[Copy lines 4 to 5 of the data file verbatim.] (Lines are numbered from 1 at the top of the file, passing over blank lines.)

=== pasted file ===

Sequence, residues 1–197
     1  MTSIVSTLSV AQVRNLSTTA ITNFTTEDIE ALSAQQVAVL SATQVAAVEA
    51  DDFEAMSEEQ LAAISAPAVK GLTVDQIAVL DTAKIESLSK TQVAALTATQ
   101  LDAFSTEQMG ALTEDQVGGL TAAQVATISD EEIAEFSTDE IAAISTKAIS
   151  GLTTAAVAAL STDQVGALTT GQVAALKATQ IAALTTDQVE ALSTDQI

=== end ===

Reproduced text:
   101  LDAFSTEQMG ALTEDQVGGL TAAQVATISD EEIAEFSTDE IAAISTKAIS
   151  GLTTAAVAAL STDQVGALTT GQVAALKATQ IAALTTDQVE ALSTDQI